The life of a systems administrator isn’t as easy as many think. It’s not just about sitting in the office waiting for requests. It’s about keeping the whole system in top shape, keeping everything backed up and secure and doing these things at top speed because system downtimes can be costly, especially for large companies. For that, systems administrators require tools. Here are the top tools every system administrator must have to make life easier.
Wireshark – System administrators often get asked why the network or internet speed is bogging down. They can dismiss it as a problem with the target website or the network is busy with email and file transfers. But those excuses don’t always fly. It’s better to actually know what’s going on and Wireshark is one of the top tools every system administrator must have. Wireshark lets administrators analyze what’s happening in the network at a detailed level, whether someone is downloading massive amounts of data or if a suspicious program shouldn’t be present in some node. Wireshark is basically a household name in most network environments.
Clonezilla – is basically a hard disk cloning tool. It’s a fast, open source cloning tool that can help get multiple same-configuration systems up and running, as well as a good backup and data recovery tool. Clonezilla can easily copy a disk with just a few key presses and can even clone or backup PCs over the network.
Anydesk – remote desktop applications are great tools for system administrators as well as support desks, and one of the easiest to use is Anydesk. However, this software should be installed and used with caution as it allows full administrative access by default. AnyDesk uses TLS-1.2 with authenticated encryption. Every connection between AnyDesk-Clients is secured with AES-256. When a direct network connection can be established, the session is endpoint encrypted and its data is not routed through AnyDesk servers. If you have to solve a server problem in another building or another country, you can easily check or solve the problem, provided the unit is online.
Notepad++ – many systems administrators do not need massive word processors for text editing. Just a good notepad application. Notepad++ has plenty of features not present in ordinary notepad apps. It’s great for working with code for various programming languages as well as for creating and managing batch scripts for administrative tasks.
Putty – is a popular terminal emulator. It’s very lightweight, supports multiple operating systems and supports both SSH and SCP login protocols. Putty is considered the best tool for configuring servers, routers and switches remotely.
Netwrix Account Lockout Examiner – there’s always that troublesome user who gets locked out every other Tuesday and it’s difficult to know why, if the reason isn’t password forgetfulness. Such a situation is usually present in many networks where users are locked out for unknown reasons. With Netwrix Account Lockout Examiner, it becomes easier to narrow things down by translating cryptic event logs into a much more understandable form.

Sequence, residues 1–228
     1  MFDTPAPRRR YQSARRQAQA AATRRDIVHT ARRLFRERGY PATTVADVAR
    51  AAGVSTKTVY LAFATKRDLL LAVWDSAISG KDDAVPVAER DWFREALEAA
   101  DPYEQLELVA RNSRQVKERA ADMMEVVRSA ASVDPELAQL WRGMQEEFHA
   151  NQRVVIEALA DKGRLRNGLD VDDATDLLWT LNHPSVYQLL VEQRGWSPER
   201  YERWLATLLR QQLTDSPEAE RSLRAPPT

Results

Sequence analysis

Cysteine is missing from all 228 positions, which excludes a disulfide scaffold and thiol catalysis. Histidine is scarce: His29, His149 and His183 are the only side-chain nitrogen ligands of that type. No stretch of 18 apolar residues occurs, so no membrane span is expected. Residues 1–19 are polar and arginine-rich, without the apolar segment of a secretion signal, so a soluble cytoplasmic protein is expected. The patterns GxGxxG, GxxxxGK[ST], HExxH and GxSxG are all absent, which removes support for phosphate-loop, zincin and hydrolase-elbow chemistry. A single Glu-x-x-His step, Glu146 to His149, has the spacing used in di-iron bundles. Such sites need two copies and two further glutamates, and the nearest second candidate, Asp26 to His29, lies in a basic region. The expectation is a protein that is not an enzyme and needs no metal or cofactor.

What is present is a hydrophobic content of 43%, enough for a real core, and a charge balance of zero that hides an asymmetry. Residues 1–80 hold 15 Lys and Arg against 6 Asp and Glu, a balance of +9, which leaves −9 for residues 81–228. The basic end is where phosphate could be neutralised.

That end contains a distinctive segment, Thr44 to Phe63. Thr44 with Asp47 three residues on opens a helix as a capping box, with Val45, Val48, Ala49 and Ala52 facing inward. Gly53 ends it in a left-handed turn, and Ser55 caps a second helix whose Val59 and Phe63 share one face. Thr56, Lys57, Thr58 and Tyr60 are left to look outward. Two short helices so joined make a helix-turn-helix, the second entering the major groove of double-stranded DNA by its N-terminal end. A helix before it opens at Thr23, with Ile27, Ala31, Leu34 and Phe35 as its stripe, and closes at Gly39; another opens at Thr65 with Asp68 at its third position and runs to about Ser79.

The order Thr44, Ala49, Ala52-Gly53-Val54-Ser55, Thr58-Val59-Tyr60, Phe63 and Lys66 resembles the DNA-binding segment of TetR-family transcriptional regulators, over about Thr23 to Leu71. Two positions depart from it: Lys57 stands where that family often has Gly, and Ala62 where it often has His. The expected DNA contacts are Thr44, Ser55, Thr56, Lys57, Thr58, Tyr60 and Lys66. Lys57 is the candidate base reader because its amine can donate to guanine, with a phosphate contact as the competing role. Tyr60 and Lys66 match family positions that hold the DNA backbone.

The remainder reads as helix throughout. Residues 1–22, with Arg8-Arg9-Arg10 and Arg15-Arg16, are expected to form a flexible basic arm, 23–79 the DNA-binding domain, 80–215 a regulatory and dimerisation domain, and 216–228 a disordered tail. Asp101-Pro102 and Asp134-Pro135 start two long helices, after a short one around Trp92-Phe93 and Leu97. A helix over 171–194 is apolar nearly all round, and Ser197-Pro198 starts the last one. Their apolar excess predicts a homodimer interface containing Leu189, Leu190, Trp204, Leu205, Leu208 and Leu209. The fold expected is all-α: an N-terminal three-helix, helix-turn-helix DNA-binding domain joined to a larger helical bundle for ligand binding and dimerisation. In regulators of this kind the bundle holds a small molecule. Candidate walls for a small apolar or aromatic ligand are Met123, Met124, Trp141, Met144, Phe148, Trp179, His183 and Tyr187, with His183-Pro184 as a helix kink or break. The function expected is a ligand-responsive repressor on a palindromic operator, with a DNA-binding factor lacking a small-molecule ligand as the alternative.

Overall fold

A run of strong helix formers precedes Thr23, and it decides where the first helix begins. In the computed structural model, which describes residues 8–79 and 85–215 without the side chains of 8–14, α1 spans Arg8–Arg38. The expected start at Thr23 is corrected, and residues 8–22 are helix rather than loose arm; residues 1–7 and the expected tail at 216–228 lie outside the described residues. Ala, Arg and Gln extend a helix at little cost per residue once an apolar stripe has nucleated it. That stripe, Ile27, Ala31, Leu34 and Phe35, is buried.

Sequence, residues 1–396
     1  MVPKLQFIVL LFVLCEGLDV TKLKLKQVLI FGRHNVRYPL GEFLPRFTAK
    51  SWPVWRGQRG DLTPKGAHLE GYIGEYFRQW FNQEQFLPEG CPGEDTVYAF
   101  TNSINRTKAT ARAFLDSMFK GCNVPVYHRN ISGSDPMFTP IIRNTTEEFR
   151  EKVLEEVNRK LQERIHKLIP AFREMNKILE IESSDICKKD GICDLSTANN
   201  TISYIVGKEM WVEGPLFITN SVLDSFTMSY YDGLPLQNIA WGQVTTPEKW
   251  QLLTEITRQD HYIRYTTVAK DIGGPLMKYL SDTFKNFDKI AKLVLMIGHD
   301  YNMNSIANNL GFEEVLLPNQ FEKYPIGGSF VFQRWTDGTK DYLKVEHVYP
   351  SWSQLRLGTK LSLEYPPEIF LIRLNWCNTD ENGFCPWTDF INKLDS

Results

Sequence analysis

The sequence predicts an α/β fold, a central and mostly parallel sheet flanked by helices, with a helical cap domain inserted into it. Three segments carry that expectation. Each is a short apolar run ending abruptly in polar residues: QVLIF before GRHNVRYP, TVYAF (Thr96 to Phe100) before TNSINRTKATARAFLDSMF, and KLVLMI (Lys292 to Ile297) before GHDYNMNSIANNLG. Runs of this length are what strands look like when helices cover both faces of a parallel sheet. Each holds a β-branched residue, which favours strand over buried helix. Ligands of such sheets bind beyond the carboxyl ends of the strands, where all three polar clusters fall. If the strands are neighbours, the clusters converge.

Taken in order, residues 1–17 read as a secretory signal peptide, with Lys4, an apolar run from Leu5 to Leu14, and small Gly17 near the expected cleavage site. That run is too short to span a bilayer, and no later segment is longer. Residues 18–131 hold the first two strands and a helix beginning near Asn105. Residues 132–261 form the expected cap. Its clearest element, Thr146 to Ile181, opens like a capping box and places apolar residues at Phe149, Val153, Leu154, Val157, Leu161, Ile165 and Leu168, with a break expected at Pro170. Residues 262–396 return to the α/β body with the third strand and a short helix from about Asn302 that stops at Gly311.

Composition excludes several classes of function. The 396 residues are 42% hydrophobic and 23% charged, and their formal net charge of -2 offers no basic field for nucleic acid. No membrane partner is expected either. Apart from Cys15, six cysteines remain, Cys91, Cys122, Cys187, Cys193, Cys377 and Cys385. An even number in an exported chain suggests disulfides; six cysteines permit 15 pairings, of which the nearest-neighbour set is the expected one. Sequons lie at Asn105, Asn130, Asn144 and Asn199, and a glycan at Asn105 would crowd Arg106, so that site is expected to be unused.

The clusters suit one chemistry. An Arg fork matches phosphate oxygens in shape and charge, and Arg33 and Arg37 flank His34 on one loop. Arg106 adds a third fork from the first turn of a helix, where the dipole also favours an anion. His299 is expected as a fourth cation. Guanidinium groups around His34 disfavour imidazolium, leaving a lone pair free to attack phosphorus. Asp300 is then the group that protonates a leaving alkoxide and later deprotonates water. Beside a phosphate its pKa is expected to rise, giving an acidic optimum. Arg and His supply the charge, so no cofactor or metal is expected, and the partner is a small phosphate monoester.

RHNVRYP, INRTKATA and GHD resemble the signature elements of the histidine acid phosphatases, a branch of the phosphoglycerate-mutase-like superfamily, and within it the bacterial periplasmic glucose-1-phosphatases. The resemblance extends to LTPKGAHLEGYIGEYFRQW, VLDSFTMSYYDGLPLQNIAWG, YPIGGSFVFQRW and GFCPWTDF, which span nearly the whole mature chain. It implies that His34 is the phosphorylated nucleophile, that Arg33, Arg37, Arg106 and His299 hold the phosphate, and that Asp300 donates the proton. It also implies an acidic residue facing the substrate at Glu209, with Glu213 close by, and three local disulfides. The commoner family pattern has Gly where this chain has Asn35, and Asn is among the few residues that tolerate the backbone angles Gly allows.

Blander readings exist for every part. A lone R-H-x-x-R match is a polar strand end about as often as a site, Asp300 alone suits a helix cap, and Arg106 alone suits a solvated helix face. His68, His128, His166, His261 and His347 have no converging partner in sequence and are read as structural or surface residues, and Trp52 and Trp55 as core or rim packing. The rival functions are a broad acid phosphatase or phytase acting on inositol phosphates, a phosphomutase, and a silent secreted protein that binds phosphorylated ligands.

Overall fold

7-Zip – file archivers have become ubiquitous in many computing environments in order to compress large files or to bring related files together and compressing them at the same time. 7-zip has become popular because its lightweight, fast and has a high data compression rate. It supports plenty of common data compression formats (zip, rar, gzip, tar) as well as its own 7z.
Microsoft SysInternals Process Explorer – is a good alternative to the Windows Task Manager as it provides a more detailed view of Windows processes including CPU consumption, memory utilization, the files involved that are running or being used and whether these processes are communicating to external hosts. When used with VirusTotal, administrators can use it to see if a process is infected with malware. Other good tools within the suite include System Monitor, AccessChk, Autoruns and Process Monitor.
Remote Server Administration Tools (RSAT) for Windows 10 – allows IT Administrators to manage Windows servers remotely from their Windows 10 workstations. With RSAT, there’s no need to use the remote desktop protocol which is more secure. RSAT allows administrators to manage the network’s Active Directory, work on Hyper-V machines, execute Power Shell and command-line commands.
Treesize – what makes workstation backups long and difficult are large files, especially unnecessary large files. Treesize makes it fast and easy for administrators to see a computer’s directory structure as it works from the computer’s MFT (master file table) and doesn’t have to worry about access rights to folders on multi-user computers. Treesize makes it easier to find certain files as well as eliminate those pesky illicit downloaded media files.